The XH-28 power plant included two Allison XT40-A-8 turboshaft engines with a power of 5300 hp each. This time the engines were placed inside the fuselage. The torque of the engines through the gearbox was transmitted to a separate compressor. He took atmospheric air and, under pressure, supplied it to the pipelines of the rotor hub. The gearbox also had a power tap for the tail rotor.
The principles of rotation of the screw are fully borrowed from the previous project. Compressed air from the compressor through the tubular spar of the blade came to the tip. There was a system of several combustion chambers where fuel was supplied through special pipelines. Jet engines at the ends of the blades created traction and had to untwist the screw to the required speed.
The main rotor with a jet drive of the blades received a standard swashplate with all the necessary capabilities. The presence of pipelines for air and kerosene affected the design of the sleeve. Like the XH-17, it was taller and larger than the classic design. To improve aerodynamics, the sleeve and root parts of the blades were covered with fairings.
In terms of size, the XH-28 did not differ much from the previous XH-17. Despite the change in the number of blades, the screw diameter remained the same. The estimated dry weight reached 23,6 tons. The maximum take-off weight was 47,6 tons. The estimated payload was brought up to 50 thousand pounds (22,7 tons) - almost half of the maximum weight. A helicopter could fly at a speed of up to 140-150 km / h for a range of up to 150-170 km.
To transport the payload, it was proposed to use a platform located between the landing gear racks. The absence of sides or barriers facilitated loading and unloading, and the equipment was planned to be driven on its own. Due to the unique carrying capacity, the helicopter could transport any samples of automobile and special equipment that were in service at that time. It was also possible to transport some samples of armored vehicles, artillery, etc.
Work on the XM-28 project went according to schedule until the end of 1952. But in December, the Air Force made a fundamental decision on the further development of promising projects. Due to the ongoing war in Korea and due to limited financial resources, they had to choose which areas would continue and which ones would have to be abandoned.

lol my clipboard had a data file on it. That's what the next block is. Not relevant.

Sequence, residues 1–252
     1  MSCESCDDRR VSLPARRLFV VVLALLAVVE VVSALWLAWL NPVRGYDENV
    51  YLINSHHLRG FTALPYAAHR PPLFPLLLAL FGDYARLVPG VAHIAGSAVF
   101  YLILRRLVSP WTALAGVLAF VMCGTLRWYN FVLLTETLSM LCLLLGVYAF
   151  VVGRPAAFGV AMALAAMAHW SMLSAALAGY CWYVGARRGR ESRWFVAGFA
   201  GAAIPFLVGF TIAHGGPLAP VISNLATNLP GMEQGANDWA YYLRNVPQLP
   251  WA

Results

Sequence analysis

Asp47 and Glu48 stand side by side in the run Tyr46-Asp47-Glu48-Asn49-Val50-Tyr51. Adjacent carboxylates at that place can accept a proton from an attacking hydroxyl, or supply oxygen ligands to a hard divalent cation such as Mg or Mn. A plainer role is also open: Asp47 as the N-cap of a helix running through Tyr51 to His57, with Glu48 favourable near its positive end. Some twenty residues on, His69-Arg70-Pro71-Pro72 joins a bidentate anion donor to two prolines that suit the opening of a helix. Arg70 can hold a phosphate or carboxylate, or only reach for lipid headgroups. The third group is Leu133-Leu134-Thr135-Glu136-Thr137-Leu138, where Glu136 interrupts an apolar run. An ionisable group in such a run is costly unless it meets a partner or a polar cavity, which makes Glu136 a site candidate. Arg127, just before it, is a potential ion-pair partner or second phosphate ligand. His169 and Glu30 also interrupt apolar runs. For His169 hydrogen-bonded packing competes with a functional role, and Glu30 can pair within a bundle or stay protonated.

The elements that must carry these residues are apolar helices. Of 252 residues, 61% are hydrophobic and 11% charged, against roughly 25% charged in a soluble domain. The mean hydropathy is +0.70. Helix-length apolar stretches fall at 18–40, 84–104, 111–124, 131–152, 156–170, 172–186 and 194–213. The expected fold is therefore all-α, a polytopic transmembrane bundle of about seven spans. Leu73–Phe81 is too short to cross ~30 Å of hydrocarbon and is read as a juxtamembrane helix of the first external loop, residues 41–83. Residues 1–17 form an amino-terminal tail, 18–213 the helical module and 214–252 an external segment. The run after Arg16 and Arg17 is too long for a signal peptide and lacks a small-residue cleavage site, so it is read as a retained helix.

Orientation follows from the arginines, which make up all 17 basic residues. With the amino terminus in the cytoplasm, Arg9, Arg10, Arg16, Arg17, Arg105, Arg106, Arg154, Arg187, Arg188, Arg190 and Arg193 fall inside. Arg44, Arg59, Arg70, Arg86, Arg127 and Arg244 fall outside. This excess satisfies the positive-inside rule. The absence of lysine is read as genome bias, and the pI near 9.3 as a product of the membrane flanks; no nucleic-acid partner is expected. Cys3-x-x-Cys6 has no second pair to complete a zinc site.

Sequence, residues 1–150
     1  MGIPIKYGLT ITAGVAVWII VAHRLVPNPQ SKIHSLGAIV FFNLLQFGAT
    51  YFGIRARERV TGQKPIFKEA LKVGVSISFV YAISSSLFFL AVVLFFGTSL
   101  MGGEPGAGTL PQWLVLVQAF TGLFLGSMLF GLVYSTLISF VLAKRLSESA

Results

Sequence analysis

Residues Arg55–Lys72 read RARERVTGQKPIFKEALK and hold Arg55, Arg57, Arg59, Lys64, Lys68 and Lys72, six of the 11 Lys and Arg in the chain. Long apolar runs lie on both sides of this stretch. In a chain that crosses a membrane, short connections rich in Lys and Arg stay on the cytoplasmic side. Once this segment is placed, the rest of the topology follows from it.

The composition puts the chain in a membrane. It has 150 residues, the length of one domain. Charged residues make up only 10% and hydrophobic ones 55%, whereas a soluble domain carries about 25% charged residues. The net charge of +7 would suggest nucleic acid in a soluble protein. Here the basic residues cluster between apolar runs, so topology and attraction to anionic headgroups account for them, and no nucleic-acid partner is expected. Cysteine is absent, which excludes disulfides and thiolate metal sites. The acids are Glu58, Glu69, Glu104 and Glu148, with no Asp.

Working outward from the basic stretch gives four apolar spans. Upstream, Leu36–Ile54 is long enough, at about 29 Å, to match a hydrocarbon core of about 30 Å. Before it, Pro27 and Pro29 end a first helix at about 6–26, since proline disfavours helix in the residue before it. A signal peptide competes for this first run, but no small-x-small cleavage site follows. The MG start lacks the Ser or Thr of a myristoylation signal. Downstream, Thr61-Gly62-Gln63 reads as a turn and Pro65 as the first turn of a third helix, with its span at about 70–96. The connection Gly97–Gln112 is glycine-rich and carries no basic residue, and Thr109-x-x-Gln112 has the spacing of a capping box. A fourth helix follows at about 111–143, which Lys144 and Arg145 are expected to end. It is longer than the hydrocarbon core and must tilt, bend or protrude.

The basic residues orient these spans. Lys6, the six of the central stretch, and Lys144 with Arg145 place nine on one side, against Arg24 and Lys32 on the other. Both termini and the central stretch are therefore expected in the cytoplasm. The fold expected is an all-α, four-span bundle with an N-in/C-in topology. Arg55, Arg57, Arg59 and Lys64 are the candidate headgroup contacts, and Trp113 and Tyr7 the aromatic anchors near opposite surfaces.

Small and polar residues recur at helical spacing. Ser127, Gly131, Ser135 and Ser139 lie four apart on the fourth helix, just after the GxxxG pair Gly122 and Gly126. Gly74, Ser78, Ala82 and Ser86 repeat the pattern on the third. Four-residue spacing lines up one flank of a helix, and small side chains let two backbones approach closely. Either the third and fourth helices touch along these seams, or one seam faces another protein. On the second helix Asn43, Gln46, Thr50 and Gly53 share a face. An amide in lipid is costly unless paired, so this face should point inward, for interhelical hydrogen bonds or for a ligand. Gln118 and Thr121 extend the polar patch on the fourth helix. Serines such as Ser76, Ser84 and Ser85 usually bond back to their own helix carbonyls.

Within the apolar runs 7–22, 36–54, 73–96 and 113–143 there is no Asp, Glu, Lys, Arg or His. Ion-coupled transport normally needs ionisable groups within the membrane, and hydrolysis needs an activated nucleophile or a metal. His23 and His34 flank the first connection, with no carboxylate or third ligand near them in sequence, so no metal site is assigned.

Air Force decided to focus on promising tactical aircraft aviation. At the same time, it was proposed to substantially revise the helicopter development program. The result was new plans for the XH-28 from Hughes. This project was proposed to continue until the end of the next 1953 with the aim of completing the basic theoretical and design work, as well as to obtain the necessary experience. Further stages of the project, including the construction of the prototype, were canceled in advance.
However, until the end of 1953 the project did not survive. Already in the summer, August 17, the Air Force command ordered to stop supporting the Hughes XH-17 and XH-28 projects. The freed resources were redirected to the development of light and middle class helicopters - such equipment was considered more important for the army.
By this time, Hughes Aircraft managed to build only a full-size model of the promising XH-28. Soon this product was dismantled as unnecessary. Experienced XH-17 was more fortunate. He continued to be tested in the order of accumulating experience, but at his own expense. Flights continued until 1955, when the rotor exhausted its life. After this test was stopped, and later the car was scrapped.
For technical and other reasons, the XM-28 project could not even be brought to prototype testing. Other American projects of heavy or super-heavy helicopters were also not successful. As a result, the US Air Force still does not have helicopters with a payload capacity of 20 tons or more. However, available samples with less outstanding characteristics made it possible to build a workable and efficient army transportation system.